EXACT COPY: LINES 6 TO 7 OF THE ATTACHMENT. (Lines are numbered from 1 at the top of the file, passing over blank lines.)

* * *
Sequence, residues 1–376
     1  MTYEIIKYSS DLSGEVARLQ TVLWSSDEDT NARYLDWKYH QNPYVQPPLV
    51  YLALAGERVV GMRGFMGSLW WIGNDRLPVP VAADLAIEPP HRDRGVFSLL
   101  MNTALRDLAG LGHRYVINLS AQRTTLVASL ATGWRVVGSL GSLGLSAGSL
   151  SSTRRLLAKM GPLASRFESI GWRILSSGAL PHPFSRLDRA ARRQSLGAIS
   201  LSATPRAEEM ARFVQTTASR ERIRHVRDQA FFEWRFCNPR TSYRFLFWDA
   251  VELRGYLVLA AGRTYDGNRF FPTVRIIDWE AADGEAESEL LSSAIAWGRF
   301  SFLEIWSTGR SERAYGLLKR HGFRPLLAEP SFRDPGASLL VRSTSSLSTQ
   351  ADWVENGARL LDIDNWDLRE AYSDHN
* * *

   201  LSATPRAEEM ARFVQTTASR ERIRHVRDQA FFEWRFCNPR TSYRFLFWDA
   251  VELRGYLVLA AGRTYDGNRF FPTVRIIDWE AADGEAESEL LSSAIAWGRF